I'm a geek. And like most geeks, there are few things we enjoy more than getting to take a little peek into the future. In the realm of trade shows, few shows provide a better preview as to what is coming from over the horizon than Augmented World Expo. Key among the reasons for this is that the central theme of the show - Augmented Worlds - are still firmly closer to science fiction than every day life, at least for now.For anyone unaware, there are two main reasons why Intel enjoys participating in AWE, besides the central theme of it being a cutting edge tech show. First and foremost, it is because of our processors. When you look at the complexities of Virtual Reality and Augmented Realty (VR/AR), there are a couple of different dynamics happening. When you take these issues together collectively, they build a strong cause for using the world's best processors to make the world's best VR/AR solutions.One consideration is that both of them require very short latencies. In order for the user to have the best possible experience, VR/AR require smooth performance. In the world of AR, that overlay over the real world needs to be seamless, or it becomes more frustrating than helpful. If a surgeon was using AR to help her know the exact extent of a tumor based on a recent cat scan, a quarter of a second lag spike could mean the difference between nicking an artery or not. While that is one of the most cases, any overlay that noticeably lags behind the real world would quickly become annoying.In conjunction with latency is the complexity of the modeling. Really good AR will be seamless - in a perfect world, you wouldn't even be able to tell it was being overlayed, like when you watch Jurassic Park - it is very easy to get lost in the movie and forget that none of the dinosaurs are real. But one of the big reasons is that there are a lot of graphic artists painstakingly working to make those dinosaurs so well rendered, with shadows and detailed textures, that you have trouble remembering they are fake. The zenith of AR will be "additions" to your environment that are so smooth and detailed that you quickly forget that the little dragon walking around your desk isn't real. Of course for many of the high-end movies, you had racks and racks of servers rendering each frame. Now, we want both amazing quality graphics as well as extreme portability so that you can have AR wherever you want to, not just where you can be near an outlet. And for that, you're going to want to use the world's best processors (cue the Intel Bong).
That said, on conjunction with great processors, the other big need is to be able to quickly and easily pull the real world into your computer so that it can then find out what it wants to add & do so "perfectly" - meaning following all the normal real world rules, like gravity and not passing through solid objects. In the case of a fun dragon pet to play with on your desk, any kind of AR based on just RBG will have trouble with inferring depth. For example, your dragon could be walking along your desk and seem like it will walk behind your coffee cup, but in actuality, it suddenly seems to be walking "in front" of your cup because it is a white mug on a white white surface and an RGB camera couldn't tell that it was actually a cup and not just a weird design on your desk. We've all seen those "street art" chalk drawing that are done with a certain perspective so that it looks like someone is interacting with an environment that is actually flat, but looks like it has depth because of a very special perspective used.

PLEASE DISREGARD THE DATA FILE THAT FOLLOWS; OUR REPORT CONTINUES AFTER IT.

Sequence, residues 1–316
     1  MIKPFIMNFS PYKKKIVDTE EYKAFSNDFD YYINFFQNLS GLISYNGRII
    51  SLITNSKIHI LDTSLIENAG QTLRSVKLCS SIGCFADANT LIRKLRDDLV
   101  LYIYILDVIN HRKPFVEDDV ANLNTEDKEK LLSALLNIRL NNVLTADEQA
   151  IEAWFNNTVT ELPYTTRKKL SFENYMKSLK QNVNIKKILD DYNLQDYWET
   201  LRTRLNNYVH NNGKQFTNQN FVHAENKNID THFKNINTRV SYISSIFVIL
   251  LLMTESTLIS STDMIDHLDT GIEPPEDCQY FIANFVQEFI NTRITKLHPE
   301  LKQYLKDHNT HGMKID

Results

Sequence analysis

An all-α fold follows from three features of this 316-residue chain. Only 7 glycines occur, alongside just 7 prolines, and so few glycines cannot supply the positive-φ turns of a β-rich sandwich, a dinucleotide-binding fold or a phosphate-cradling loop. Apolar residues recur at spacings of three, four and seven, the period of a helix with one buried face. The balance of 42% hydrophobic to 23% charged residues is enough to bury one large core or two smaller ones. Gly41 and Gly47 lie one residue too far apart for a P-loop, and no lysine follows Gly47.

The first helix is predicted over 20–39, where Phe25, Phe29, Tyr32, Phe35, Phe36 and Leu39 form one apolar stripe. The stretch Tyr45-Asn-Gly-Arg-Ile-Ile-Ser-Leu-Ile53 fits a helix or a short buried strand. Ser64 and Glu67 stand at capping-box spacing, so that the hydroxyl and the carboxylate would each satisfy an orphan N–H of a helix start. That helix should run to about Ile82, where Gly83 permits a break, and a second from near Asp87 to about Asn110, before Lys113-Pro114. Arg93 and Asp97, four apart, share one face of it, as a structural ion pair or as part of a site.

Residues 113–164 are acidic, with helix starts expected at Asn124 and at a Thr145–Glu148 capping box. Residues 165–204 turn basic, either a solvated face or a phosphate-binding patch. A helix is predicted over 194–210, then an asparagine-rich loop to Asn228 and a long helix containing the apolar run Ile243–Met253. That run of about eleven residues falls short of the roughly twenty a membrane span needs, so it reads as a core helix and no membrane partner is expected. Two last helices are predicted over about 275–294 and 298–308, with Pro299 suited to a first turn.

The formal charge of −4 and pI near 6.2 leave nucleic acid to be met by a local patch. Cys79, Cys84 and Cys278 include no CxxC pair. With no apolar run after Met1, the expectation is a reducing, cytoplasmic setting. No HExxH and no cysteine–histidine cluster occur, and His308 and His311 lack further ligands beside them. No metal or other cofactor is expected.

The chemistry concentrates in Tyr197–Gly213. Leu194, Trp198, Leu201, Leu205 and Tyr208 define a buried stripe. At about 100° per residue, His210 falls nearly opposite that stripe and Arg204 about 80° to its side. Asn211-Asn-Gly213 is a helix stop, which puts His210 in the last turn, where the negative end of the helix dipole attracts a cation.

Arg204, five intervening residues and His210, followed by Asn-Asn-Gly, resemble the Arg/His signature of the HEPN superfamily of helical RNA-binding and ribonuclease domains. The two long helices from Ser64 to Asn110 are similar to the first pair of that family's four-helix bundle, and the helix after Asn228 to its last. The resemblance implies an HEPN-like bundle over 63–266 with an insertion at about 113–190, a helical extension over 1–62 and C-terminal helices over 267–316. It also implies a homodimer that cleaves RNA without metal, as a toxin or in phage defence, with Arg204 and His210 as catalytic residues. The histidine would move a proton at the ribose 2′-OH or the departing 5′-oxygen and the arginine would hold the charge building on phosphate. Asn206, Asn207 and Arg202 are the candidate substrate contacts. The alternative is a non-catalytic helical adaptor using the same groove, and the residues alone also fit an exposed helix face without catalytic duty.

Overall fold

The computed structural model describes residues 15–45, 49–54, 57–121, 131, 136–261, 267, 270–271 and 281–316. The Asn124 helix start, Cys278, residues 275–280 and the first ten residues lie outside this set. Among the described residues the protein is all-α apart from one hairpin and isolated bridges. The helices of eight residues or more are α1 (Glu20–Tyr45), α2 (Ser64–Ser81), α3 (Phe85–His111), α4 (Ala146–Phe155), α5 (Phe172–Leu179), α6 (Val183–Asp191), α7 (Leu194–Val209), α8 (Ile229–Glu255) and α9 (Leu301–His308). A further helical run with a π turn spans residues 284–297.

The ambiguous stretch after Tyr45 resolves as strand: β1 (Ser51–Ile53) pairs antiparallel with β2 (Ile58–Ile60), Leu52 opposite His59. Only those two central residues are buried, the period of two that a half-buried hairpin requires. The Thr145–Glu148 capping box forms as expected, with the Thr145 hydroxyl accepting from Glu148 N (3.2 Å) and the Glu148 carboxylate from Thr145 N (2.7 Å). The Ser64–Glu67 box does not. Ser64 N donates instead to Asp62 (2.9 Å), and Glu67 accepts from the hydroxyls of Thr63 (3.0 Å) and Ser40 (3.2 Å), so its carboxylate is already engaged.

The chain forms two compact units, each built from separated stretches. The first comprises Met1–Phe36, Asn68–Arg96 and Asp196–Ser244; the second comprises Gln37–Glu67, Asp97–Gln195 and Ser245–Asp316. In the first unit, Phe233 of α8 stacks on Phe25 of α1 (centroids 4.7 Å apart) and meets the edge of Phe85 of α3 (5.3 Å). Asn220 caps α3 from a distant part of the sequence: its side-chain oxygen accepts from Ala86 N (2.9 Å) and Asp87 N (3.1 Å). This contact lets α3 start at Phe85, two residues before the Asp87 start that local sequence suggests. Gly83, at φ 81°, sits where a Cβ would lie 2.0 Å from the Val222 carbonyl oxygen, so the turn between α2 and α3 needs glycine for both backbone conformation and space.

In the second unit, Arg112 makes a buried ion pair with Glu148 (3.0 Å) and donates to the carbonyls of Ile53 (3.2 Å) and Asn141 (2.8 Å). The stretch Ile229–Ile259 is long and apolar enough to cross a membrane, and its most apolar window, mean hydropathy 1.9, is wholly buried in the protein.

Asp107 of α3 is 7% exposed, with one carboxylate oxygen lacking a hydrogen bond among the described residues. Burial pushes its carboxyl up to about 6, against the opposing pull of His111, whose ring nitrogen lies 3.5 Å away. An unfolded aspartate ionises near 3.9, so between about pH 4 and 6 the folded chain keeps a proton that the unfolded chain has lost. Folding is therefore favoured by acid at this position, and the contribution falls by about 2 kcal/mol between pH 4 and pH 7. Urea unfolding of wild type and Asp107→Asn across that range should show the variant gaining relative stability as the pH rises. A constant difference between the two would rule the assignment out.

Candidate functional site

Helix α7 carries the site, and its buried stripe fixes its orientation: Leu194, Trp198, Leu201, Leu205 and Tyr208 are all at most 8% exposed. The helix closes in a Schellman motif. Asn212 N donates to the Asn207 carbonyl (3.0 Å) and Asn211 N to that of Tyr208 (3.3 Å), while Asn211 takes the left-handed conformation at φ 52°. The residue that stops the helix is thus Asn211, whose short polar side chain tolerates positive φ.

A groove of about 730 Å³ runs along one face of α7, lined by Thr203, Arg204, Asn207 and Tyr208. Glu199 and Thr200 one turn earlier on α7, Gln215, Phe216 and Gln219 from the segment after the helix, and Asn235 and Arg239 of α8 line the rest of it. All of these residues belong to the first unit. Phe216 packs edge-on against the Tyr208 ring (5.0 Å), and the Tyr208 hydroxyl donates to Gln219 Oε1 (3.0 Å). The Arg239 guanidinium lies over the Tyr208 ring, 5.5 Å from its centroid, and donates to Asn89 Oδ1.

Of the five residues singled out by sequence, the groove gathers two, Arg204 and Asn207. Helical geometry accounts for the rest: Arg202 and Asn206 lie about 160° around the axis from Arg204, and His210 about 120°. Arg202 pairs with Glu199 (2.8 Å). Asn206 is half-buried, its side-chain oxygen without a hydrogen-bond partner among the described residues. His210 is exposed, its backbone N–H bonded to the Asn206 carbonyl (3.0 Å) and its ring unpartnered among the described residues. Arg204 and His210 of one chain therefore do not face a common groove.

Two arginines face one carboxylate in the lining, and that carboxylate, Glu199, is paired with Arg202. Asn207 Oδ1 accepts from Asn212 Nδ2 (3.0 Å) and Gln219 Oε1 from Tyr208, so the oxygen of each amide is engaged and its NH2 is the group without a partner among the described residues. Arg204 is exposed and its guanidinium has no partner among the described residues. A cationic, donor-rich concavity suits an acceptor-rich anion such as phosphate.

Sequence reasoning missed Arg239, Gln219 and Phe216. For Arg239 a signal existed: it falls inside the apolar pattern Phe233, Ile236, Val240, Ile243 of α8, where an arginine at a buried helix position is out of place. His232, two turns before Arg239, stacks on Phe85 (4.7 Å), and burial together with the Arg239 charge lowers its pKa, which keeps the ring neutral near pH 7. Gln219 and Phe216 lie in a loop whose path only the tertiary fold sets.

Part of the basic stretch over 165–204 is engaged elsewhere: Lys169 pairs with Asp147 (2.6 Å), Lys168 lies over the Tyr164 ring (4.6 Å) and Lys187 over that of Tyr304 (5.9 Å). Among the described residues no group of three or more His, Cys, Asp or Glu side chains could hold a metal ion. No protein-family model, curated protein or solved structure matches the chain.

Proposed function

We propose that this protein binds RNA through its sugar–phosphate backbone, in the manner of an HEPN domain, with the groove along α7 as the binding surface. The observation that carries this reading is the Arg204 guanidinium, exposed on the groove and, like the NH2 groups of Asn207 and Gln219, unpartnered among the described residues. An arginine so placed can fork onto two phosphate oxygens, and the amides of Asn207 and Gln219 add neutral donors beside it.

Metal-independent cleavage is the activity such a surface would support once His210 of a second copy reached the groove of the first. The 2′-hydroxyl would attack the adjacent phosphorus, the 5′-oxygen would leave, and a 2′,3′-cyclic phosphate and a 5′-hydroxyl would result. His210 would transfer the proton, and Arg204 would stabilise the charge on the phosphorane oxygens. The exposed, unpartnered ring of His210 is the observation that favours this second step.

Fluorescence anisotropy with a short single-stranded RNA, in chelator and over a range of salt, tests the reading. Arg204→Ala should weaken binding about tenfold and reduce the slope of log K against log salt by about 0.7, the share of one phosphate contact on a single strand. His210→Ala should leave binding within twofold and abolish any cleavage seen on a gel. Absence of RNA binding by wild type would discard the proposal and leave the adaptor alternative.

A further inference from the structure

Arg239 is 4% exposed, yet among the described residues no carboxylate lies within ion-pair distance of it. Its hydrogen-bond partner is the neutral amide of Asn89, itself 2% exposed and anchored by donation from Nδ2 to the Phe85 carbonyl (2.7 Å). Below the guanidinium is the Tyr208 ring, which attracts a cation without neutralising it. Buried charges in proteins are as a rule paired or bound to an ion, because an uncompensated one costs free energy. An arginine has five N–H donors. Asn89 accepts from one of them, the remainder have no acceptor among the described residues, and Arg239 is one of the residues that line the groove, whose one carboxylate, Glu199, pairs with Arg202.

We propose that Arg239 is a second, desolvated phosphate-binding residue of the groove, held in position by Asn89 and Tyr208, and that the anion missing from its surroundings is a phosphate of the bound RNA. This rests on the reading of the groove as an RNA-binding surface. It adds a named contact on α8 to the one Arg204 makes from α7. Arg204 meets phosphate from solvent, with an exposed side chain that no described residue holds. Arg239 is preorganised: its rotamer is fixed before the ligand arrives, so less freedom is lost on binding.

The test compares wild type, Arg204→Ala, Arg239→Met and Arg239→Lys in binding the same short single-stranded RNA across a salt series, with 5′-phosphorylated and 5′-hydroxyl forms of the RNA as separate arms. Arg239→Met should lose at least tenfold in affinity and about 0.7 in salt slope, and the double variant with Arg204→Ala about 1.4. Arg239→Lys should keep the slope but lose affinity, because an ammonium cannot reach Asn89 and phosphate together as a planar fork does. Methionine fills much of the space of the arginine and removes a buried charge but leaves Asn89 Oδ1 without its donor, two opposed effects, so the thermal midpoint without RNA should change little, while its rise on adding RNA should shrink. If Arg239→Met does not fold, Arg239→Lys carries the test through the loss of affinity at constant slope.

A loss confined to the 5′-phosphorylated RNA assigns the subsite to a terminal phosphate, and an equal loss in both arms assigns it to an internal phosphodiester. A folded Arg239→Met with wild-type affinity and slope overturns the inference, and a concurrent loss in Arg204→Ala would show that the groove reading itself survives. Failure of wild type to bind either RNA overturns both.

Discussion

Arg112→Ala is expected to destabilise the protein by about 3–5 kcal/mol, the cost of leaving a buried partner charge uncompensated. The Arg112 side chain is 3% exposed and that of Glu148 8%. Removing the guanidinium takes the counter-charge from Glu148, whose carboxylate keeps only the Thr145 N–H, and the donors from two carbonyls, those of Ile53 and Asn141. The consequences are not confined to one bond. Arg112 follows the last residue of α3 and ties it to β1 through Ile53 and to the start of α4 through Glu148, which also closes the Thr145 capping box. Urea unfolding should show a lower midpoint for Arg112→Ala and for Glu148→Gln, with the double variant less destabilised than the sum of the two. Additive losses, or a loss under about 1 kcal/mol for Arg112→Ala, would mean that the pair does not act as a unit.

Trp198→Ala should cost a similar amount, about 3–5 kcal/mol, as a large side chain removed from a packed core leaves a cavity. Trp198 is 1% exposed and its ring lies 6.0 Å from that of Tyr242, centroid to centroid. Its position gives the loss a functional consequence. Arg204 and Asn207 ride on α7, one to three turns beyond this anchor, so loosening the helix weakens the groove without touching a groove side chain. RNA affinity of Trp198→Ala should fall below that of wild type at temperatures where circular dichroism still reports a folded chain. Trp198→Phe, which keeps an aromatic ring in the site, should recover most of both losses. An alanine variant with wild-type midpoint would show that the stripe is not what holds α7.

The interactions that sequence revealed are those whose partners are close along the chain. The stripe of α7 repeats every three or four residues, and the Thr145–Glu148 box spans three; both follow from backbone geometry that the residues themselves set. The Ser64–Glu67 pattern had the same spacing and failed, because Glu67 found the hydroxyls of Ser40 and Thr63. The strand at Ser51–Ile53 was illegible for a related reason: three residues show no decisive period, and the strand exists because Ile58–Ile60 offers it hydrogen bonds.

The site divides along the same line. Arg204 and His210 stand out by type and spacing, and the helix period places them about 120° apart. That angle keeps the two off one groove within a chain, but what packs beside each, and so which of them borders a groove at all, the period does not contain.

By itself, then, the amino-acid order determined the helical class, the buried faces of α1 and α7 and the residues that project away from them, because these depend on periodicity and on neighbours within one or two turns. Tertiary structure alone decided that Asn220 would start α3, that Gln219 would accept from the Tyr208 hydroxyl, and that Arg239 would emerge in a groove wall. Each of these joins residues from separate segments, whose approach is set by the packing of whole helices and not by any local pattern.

(credit: The Sherwood Group)
To an RGB-based AR system, it could actually infer that the boy is walking over a deep pit, because that is what it looks like. But to a system that has the ability to pull in a detailed point cloud, like Intel® RealSense™ cameras, it would be able to tell that he is just walking on colorful, but flat, asphalt. And that is the next place that piques Intel's interest in AR - how to use our amazing depth capturing technology to create better VR/AR solutions. In the case of the pet dragon, the depth camera could tell that the white mug is on a white desk, and the dragon would seem to walk behind it. Then, it could even seem to jump up from behind and perch on the back edge of the cup and steal a little of your coffee. All the way down to when its mouth touched the surface, the computer could generate tiny "waves" along the top of the liquid will all the correct perspective to make it seem "all too real."
So these are the reasons why Intel is very interested in VR/AR
- They play to our strengths in processors
- They benefit strongly from our depth-capturing technology
All of that is great, but what are we doing to help push the envelope? First off, we had several technologists come and do presentations about how Intel® RealSense™ technologies are helping to move the ball forward:
- Rajiv Mongia: Adding Human Like Sensing to Computing Devices - Keynote
- Shachar Oz: Intel® RealSense™ augmented reality open world game Toyz
- Meghana Rao and Kevin Arthur: Intel RealSense Tutorial
- Kevin Arthur: Augmented Reality with the Intel RealSense SDK and R200 Camera
Plus we had an entire booth of demos that showed both augmented reality and usages of our depth-capturing technology (all short videos):
- A Terminator-like Augmented Reality on a Oculus Rift
- Using tablets to bring more fun to every day objects
- How facial & gesture recognition can enhance game play
- The level of detail our face tracking APIs support
And that's it. In a nut shell, why Intel loves VR/AR, how we feel we help the effort, and some specific technology shares that we did.
For next year, what would you like to see us bring to the next AWE? If you went to AWE15, what were your best observations. We'd love to hear from you in the comments below!
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